16. 14. The method of claim 13,
    Wherein the copper alloy is copper alloy C110,
    Products containing copper alloys.
  17. 14. The method of claim 13,
    Wherein the aqueous solution is an artificial sweat formulation,
    Products containing copper alloys.
  18. 14. The method of claim 13,
    The copper ion release rate in the aqueous solution is at least 10 times higher than the copper alloy contact surface coated with benzotriazole,
    Products containing copper alloys.
  19. 19. The method of claim 18,
    The copper ion release rate in the aqueous solution is 30 times higher than that of the copper alloy contact surface coated with benzotriazole,
    Products containing copper alloys.
  20. The method according to any one of claims 13, 14, 17, and 18,
    The product may be a rolled strip, a hospital touch surface, or a lighting device or controller,
    Products containing copper alloys.
  21. A product comprising a copper alloy,
    Wherein the copper alloy comprises a contact surface for providing copper ions, producing copper oxide, or providing copper ions and producing copper oxide,
    The contact surface has a surface roughness of 6 to 14 microinches Ra,
    The contact surface is not coated with a polymeric finish, an inhibitor coating, an anticolorant, an oil, grease, or a wax,
    Wherein the contact surface has a higher microbial killing speed compared to a copper alloy contact surface coated with benzotriazole,
    Products containing copper alloys.
  22. 22. The method of claim 21,
    Said contact surface having a surface roughness of 10 microinches Ra,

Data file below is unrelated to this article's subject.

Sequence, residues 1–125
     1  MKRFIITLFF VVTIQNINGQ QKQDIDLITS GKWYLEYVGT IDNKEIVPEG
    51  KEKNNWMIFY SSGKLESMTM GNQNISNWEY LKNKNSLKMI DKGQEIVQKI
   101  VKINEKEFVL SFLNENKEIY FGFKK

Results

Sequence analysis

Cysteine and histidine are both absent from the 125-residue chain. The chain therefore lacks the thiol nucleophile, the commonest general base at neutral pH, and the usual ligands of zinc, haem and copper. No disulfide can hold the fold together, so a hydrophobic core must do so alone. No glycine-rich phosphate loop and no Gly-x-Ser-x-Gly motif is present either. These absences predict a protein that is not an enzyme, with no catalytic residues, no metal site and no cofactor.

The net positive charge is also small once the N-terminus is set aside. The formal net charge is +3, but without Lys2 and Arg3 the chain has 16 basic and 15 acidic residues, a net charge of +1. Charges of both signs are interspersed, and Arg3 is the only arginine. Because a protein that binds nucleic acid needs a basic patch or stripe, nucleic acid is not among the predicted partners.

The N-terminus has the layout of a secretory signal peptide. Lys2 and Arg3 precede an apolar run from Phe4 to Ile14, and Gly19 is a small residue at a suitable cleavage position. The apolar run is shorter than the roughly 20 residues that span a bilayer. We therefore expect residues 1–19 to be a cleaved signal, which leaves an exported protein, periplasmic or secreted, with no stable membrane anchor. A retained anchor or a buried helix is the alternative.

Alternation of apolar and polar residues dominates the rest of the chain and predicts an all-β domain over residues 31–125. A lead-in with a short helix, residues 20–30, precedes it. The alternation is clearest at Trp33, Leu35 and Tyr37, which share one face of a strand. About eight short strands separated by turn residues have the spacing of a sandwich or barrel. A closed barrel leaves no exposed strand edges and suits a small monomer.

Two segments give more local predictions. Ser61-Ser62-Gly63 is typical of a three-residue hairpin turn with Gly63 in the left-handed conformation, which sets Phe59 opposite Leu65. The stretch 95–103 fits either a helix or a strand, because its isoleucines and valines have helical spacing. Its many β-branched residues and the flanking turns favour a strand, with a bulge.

Products containing copper alloys.
  23. 22. The method of claim 21,
    Wherein the copper alloy is copper,
    Products containing copper alloys.
  24. 22. The method of claim 21,
    Wherein the copper alloy is copper alloy C110,
    Products containing copper alloys.
  25. 22. The method of claim 21,
    Wherein said microbial killing rate is greater than or equal to 99%
    Products containing copper alloys.
  26. 26. The method of claim 25,
    The rate of microbial killing is less than or equal to 99%
    Products containing copper alloys.
  27. 27. The method of claim 26,
    The rate of microbial killing is defined as the rate of microbial killing, including < RTI ID = 0.0 > 99% < / RTI &
    Products containing copper alloys.
  28. 22. The method of claim 21,
    The microbial killing rate is such that a 3 log 10 reduction in colony forming unit (CFU) is 40% to 60% faster or 60% or more faster than a copper alloy contact surface coated with benzotriazole,
    Products containing copper alloys.
  29. 29. The method according to any one of claims 21, 22, 25, and 28,
    The product may be a rolled strip, a hospital touch surface, or a lighting device or controller,
    Products containing copper alloys.
  30. A product comprising a touch surface,